The Total Mobility service will continue for Gore residents, but with a new system beginning on July 1.
The service will be delivered by a new provider and will use personalised ID cards.
The Ridewise swipe card system is being introduced throughout Southland, bringing the province into line with many other parts of New Zealand where the scheme is available.
Total Mobility clients will use the card in much the same way as the old sticker system. However, they will need to ensure the taxi driver swipes their card at the beginning of the trip.
Total Mobility travel in Gore will be provided by EziCabs, an existing scheme provider in Invercargill.
EziCabs does not have a wheelchair accessible van or hoist.
However, it is hoped a solution to provide subsidised travel for those needing a wheelchair hoist will be found in the near future.
In the interim, anyone requiring this service is advised to contact Invercargill City Council roading manager Russell Pearson.
Gore District Council transport manager Peter Standring said the swipe cards were more efficient and cost effective than the stickers.
The cards would be valid for about five years.
“The stickers involved a lot of administration as they had to be reprinted and posted to clients annually, and were often lost or misplaced,” Mr Standring said.
“Personalised ID cards mean the driver can validate that the user is an approved client,” he said.
There are about 300 Total Mobility clients in Gore.
The Invercargill City Council, which administers the scheme Southland-wide, has written to all active clients and will be sending out ID cards.
All clients need to provide a photo.
Any Gore residents wanting help with a photo can call into the council’s main office.
“Our staff are happy to help take a photo and send it to Invercargill,” Mr Standring said.
Acknowledging there had been some uncertainty about the future of the scheme, Mr Standring said the council was pleased the service would still be available to Gore residents.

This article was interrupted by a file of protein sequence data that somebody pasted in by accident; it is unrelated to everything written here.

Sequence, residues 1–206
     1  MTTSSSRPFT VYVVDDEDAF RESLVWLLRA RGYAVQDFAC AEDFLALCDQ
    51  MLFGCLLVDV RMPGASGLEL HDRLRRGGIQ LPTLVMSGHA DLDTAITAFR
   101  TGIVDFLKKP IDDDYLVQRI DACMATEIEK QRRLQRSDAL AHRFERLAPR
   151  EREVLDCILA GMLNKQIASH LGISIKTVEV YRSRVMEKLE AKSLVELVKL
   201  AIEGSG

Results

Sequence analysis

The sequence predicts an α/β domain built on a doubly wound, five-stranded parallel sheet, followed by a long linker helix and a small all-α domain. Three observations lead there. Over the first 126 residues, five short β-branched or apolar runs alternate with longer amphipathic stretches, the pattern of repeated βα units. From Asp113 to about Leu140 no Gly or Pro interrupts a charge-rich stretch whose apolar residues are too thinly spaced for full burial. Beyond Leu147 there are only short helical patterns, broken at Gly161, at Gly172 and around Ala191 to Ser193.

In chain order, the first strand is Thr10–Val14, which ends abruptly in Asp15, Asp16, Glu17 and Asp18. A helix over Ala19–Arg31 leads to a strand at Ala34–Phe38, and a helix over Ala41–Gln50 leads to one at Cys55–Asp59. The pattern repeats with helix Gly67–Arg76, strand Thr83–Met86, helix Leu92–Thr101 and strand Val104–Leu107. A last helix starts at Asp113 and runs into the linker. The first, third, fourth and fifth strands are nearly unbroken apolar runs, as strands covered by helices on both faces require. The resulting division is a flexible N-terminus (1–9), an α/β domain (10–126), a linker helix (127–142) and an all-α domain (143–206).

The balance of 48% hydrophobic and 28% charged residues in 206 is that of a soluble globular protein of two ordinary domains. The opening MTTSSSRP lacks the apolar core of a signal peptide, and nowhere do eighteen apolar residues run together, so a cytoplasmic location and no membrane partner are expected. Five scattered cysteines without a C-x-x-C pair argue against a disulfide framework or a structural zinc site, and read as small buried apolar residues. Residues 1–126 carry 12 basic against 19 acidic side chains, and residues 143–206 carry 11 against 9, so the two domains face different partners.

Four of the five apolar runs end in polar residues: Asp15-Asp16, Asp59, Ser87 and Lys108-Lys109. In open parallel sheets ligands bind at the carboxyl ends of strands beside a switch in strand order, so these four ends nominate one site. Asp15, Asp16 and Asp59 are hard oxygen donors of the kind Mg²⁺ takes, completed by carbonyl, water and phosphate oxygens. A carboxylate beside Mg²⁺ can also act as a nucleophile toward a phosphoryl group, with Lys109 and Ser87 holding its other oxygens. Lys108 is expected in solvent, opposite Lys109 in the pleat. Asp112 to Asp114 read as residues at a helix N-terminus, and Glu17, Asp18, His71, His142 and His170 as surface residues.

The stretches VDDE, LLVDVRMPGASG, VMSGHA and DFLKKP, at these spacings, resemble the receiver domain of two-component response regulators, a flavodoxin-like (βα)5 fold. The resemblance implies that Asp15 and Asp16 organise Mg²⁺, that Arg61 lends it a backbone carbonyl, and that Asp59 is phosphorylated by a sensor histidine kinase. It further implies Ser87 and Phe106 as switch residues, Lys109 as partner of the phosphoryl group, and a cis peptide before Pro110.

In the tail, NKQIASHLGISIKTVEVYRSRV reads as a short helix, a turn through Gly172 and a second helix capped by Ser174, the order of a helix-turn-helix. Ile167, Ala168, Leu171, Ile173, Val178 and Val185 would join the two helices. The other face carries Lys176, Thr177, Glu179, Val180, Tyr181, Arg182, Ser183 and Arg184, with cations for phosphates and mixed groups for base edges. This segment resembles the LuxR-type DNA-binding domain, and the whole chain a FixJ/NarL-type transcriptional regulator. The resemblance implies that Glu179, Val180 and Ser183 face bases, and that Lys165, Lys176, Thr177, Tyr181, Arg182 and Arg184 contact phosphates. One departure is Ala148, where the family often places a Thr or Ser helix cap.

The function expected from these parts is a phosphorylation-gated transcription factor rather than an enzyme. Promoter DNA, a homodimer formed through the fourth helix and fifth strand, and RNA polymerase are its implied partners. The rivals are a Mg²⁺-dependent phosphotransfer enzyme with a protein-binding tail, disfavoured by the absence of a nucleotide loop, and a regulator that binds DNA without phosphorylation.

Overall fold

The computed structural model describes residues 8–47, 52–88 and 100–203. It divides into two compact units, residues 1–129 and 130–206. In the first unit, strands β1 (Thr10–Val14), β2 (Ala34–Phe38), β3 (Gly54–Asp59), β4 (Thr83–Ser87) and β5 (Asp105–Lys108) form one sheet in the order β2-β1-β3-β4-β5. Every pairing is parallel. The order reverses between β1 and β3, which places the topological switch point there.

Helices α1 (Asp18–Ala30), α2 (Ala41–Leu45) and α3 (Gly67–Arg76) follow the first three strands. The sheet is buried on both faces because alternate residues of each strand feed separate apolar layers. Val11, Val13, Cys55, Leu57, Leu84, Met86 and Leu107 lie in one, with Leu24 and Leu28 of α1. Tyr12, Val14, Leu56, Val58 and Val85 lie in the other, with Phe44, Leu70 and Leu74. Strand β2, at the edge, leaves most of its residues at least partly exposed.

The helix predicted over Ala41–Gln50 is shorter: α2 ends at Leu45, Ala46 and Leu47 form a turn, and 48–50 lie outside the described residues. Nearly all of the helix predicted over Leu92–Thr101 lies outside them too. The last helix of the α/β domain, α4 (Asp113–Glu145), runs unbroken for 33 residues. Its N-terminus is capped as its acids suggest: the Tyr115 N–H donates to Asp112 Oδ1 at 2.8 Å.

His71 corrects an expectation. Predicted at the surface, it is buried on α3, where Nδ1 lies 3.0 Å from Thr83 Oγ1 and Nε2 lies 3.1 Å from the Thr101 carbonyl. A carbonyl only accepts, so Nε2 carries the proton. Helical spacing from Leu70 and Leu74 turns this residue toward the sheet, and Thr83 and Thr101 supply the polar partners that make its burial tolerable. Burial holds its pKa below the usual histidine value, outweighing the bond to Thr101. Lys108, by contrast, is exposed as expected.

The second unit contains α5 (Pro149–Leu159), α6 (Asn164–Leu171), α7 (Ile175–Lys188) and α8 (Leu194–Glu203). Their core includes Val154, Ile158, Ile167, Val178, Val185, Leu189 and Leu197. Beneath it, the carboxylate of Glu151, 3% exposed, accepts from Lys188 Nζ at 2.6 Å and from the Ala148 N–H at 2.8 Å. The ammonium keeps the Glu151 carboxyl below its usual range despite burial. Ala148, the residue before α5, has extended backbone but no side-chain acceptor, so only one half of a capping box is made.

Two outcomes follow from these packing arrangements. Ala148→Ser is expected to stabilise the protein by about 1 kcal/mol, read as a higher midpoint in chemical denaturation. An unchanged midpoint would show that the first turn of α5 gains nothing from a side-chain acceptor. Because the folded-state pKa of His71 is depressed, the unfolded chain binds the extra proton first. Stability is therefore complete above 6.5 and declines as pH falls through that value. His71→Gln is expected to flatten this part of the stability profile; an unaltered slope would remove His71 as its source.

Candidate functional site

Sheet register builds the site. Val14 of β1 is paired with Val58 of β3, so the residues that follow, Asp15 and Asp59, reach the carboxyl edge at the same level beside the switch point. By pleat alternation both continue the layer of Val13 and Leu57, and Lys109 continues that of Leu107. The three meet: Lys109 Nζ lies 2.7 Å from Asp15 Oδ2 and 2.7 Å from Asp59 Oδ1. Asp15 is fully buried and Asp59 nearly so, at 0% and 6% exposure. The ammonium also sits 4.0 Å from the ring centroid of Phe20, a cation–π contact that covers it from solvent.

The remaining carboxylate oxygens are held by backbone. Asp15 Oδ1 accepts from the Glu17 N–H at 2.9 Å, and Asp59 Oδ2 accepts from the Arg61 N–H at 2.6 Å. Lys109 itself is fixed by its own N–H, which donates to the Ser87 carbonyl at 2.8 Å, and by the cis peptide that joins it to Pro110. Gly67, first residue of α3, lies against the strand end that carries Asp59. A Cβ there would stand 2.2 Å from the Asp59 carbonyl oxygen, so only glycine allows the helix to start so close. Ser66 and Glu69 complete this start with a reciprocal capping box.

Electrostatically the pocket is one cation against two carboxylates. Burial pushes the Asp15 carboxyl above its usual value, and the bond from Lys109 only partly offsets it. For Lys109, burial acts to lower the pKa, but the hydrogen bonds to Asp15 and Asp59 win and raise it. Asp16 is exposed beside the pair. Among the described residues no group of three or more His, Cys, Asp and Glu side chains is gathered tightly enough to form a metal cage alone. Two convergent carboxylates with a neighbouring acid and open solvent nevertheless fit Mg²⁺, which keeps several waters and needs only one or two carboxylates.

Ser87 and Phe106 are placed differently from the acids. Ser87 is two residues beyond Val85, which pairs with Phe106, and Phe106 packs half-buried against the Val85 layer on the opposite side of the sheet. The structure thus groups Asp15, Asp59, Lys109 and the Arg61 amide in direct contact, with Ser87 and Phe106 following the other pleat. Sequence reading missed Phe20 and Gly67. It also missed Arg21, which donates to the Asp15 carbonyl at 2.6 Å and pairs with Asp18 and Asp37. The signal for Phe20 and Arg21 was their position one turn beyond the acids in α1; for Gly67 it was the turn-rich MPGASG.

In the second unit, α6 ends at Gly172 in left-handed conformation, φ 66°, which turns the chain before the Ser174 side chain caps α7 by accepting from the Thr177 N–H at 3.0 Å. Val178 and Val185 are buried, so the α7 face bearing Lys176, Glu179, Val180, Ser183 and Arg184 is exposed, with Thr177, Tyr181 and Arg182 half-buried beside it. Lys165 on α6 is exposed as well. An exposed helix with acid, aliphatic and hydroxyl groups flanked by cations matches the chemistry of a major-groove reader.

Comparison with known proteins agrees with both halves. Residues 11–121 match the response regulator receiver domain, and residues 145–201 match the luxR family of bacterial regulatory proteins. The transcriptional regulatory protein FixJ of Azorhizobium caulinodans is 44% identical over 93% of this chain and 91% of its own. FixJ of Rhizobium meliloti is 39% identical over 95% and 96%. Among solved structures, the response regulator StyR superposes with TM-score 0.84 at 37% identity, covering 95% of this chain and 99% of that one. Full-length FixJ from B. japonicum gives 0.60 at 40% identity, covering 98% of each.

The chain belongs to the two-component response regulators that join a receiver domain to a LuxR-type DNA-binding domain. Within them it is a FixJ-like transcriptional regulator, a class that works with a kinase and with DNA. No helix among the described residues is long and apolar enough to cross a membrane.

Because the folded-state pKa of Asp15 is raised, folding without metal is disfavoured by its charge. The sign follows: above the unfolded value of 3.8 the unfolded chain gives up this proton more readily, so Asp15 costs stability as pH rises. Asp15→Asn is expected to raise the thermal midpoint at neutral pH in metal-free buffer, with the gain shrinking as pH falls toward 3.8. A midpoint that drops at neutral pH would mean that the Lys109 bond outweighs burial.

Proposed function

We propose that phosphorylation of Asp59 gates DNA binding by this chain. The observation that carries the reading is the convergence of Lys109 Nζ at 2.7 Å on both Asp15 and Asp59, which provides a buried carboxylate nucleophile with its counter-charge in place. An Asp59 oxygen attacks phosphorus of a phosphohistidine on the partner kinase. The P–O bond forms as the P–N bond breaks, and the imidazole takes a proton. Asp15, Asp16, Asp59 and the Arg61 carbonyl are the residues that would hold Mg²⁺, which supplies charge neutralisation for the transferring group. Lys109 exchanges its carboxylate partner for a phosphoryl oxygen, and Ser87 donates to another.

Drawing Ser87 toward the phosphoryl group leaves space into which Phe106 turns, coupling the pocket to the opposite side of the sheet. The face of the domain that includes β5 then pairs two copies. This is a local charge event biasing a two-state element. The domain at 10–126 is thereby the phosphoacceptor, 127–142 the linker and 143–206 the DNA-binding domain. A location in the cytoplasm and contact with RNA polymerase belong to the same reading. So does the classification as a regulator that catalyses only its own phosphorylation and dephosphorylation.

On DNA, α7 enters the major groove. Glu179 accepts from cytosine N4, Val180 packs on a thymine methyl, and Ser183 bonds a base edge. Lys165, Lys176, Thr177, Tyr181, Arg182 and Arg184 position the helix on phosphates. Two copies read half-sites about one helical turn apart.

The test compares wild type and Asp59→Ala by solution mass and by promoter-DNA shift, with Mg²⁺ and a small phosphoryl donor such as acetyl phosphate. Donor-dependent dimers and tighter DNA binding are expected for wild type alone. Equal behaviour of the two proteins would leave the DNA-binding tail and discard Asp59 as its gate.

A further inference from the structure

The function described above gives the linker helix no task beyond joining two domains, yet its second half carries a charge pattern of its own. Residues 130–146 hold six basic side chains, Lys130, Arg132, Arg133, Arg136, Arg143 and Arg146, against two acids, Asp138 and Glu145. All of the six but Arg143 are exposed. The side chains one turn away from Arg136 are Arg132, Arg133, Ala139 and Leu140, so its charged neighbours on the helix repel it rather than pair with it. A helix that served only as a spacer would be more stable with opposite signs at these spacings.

“We wanted to ensure continuity of an affordable service and worked hard with the existing provider Gore Taxis.”
“However, when they decided not to continue with the service, we approached potential new operators.”
Mr Standring urged scheme users to make sure they got a new Ridewise swipe card as soon as possible.
Ridewise cards give users access to subsidised travel with approved operators throughout the country, including in Dunedin.
Apart from the new cards, the service will remain the same for most users with a 50% subsidy on travel up to $50.
There is no limit on how many times it can be used.
The person travelling still needs to pay for the remaining 50% of travel costs at the end of the journey.
Gore Taxis owner Stewart Anderson, of Invercargill, ran the Total Mobility Scheme in the town for more than eight years.
But when the new system was brought in it would have cost too much for the business to implement, Mr Anderson said.
However, Gore Taxis would still run its normal taxi service in the town.
EziCabs owner Alison Knowler said the company was approached by the council to run the Gore operation.
The new system, Ridewise, works by using eftpos machines and the new system is now available throughout New Zealand, Mrs Knowler said.
The company would initially send a driver from Invercargill to carry out the work until Gore drivers were appointed.